Drug abuse is becoming a serious threat to the country as youths, especially those in the Eastern part, are gradually getting addicted to drugs, of which recently, methamphetamine (meth) seems to be the most popular among them.
Going by the intake of drugs in Anambra State in particular, there has been a noticeable increase in crime and cult-related activities in the state.
Disturbed by the dangerous activities resulting from drugs abuse, many communities in the state have come up with strategies against drug sales and consumption.
Youths of various communities in the state have also taken it upon themselves to deal “ruthlessly” with those who indulge in the sales and consumption of drugs.
Methamphetamine or crystalmeth or meth (mkpurumiri in Igbo) has rendered many youths hopeless across the communities in the state and beyond.
According to experts, the effects of meth include high temperature, insomnia, violent acts, ageing and even death.
Others are tattered dressing, frequent picking at hair or skin, loss of appetite, roving eyes, garrulity, borrowing money often, selling possessions, stealing and delirium.
With the development, Umudioka community in Dunukofia Local Government Area of Anambra State recently declared war on drugs such as cocaine, heroin, Indian hemp and meth.
The community said the drugs, particularly meth, was destroying youths in the state and the South East at large.
In a statement, the President General of Umudioka Improvement Union (UIU), Chike Odoji, said sales and consumption of the illicit drugs had been proscribed in their community.
Mr Odoji said the community would be working with the Nigeria Drug Law Enforcement Agency (NDLEA) and other relevant law enforcement agencies to arrest defaulters, including dealers and consumers.
He, therefore, advised the youths to stay away from illicit drugs, stressing that they would not spare anyone that violated the directive.
According to experts, meth is one of the hardest drugs as it is highly addictive and affects the central nervous system and creates a feeling of massive happiness.
They said the intake of the drug had caused more harm and brought nothing good to “our youths and the entire society”, noting that it had increased social ills.
With the trend, the rate of kidnapping, cultism, armed robbery, money ritual, rape, madness and other ugly stories have gone higher.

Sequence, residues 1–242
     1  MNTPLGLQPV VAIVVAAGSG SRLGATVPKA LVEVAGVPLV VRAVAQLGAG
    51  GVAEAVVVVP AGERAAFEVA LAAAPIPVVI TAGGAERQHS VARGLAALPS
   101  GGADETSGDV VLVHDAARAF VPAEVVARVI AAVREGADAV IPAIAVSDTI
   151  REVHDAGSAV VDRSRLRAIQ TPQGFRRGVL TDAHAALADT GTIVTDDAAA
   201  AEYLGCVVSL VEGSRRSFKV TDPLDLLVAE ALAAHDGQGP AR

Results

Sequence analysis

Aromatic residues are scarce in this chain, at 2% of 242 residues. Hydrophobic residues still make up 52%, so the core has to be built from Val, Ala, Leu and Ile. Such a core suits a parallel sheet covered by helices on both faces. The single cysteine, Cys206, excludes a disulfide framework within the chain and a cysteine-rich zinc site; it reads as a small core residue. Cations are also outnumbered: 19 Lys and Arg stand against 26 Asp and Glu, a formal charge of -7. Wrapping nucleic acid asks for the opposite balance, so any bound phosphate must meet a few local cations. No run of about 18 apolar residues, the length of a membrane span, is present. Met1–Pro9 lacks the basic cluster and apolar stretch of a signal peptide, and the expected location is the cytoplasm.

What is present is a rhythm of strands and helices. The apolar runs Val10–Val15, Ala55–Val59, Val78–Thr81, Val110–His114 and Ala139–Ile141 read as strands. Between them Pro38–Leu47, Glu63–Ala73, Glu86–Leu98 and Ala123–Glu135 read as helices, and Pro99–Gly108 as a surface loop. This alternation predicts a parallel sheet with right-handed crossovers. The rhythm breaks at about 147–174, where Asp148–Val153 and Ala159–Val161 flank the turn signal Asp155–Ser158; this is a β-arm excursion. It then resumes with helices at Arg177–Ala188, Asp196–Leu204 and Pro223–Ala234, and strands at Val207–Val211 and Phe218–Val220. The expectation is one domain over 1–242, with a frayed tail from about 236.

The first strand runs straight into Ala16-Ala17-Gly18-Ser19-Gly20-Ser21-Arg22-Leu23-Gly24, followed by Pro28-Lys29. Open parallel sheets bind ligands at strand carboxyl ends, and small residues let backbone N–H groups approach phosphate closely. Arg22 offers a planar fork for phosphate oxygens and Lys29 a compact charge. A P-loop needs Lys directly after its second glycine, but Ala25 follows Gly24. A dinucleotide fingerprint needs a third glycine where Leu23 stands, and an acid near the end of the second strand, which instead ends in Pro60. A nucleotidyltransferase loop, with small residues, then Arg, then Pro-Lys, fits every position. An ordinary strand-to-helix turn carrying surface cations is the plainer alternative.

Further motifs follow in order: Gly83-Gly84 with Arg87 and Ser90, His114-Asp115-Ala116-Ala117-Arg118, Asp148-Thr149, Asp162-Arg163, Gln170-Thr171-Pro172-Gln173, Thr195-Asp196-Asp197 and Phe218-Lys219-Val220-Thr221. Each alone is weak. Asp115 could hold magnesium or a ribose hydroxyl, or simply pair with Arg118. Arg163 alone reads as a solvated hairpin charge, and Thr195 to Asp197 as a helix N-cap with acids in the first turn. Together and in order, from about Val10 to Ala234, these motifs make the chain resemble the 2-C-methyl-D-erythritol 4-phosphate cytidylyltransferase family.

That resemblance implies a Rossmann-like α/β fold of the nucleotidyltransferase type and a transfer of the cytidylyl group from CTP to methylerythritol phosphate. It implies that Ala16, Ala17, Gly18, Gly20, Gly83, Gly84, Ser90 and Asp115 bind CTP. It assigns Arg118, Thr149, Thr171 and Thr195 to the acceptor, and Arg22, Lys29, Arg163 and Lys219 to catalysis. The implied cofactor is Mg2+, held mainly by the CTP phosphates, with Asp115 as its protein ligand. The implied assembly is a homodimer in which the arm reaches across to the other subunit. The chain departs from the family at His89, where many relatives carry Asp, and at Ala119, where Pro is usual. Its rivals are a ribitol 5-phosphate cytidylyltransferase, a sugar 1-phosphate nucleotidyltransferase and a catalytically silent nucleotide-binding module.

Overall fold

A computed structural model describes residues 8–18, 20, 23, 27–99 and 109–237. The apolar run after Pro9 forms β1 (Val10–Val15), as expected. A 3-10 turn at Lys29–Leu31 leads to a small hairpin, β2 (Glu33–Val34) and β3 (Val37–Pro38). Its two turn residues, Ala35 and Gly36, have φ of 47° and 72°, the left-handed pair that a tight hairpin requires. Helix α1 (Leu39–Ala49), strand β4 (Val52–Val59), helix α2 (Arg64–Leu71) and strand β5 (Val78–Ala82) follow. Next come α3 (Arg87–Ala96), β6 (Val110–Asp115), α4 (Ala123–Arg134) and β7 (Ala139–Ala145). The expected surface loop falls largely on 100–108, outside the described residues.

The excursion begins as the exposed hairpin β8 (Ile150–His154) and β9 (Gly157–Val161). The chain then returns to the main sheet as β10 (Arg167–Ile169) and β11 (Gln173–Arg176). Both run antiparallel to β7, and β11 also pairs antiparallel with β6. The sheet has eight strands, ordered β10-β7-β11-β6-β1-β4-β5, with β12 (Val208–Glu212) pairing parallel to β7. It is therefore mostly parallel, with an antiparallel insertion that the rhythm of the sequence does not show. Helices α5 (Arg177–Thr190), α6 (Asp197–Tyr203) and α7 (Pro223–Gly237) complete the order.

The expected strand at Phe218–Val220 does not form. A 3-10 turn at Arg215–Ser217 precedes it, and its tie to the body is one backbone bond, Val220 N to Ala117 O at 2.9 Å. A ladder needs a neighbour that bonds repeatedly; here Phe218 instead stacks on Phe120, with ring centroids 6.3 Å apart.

Like Umudioka, many communities in Anambra State have adopted the use of force and torture as a means of correction. Flogging defaulters in public is the most popular.
Supporting corporal punishment for offenders, Ifeanyi Okonkwo, an Awka resident, said, “No matter how nicely you treat drug abusers here, more will still take it. But once communities begin clamping down on them and the suppliers, they will go into hiding.
“In a society that has lost all sense of decency; where some people behave like animals, being nice will merely be a waste of time.”
He further suggested sourcing money to take them to rehabilitation centres or doing anything else to help them desist from the acts as alternatives to torture, and enjoined the communities in the state to expose drug dealers.
According to him, the fight to reclaim the space mostly involved parents, relations, neighbours and religious leaders who would be bold to speak the truth and monitor the activities youths.
He further said, “Traditional rulers, chiefs and other leaders in our various communities must wake up to fight this monster frontally.”
An elder in the state, Nze Alex Nwaoha, who spoke to Daily Trust on Sunday, described drug abuse as “another time bomb to the multiple time bombs and kegs of gun powder we are sitting on.
“So if stakeholders do not sit up urgently, there will be serious problem in the state. This is not a joke and must be addressed without delay.”
Speaking to Daily Trust on Sunday on the development, Anambra State Commissioner for Information and Public Enlightenment, Mr. C. Don Adinuba, said government would support every legal means to stop illegal consumption of drugs in the state.
He, therefore, urged the communities to liaise with the necessary agencies and stakeholders in their process of fighting drug abuse.
The spokesperson of the police in the state, DSP Ikenga Tochukwu, described illicit drugs as the oxygen that fueled most crimes and bad behaviour.
He said the command had since put up a programme by to campaign against cultism and other vices; noting that the programme was targeted at sensitising youths on the dangers of drugs and other vices.